Objectives: To estimate the cancer risk of HIV-infected patients in the HAART era with respect to a general reference population and to determine risk factors for malignancy.
Methods: Long term (1996-2009) cancer incidence of the Bonn single centre HIV cohort was compared to the incidence of the reference population of Saarland using standardized incidence ratios (SIR). Poisson regression analysis was used to identify predictors of cancer risk.
Results: 1,476 patients entered the cohort, enabling 8,772 person years of observation. 121 tumours in 114 patients, 7 in-situ and 114 invasive cancers, were identified. Malignancies associated with infectious agents such as Kaposi sarcoma (SIRs: male: 5,683; female: 277), non-Hodgkin lymphoma (SIRs male: 35; female: 18), anal cancer (SIRs male: 88; female: 115) as well a cervical carcinoma (SIR female: 4) and Hodgkin?s disease (SIR male: 39) and liver cancer (SIR male: 18) were substantially more frequent in HIV-infected patients than in the general population (p< 0.001, each), whereas all other types of cancer were not increased. Poisson regression identified HAART (incidence rate ratio IRR (95% CI): 0.28 (0.19-0.41), p<0.001), CD4 count (IRR per 100 cells/μl increase: 0.66 (0.57-0.76), p<0.001), hepatitis B (IRR: 2.15 (1.10-4.20), p = 0.046) and age (IRR per 10 year increase: 1.23 (1.03 - 1.46), p = 0.023) as independent predictors for the occurrence of any type of cancer.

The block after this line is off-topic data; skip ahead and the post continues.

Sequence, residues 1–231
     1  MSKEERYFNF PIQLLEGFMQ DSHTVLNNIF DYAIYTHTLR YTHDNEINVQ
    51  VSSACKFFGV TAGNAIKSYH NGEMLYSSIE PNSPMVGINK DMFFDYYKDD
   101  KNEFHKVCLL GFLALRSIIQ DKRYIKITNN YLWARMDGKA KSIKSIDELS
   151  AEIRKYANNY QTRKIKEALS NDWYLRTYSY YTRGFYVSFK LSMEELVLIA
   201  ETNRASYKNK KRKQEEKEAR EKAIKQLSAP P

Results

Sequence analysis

Conclusions: HAART and preserved CD4 cells preferentially reduce the risk of malignancies associated with oncogenic infections.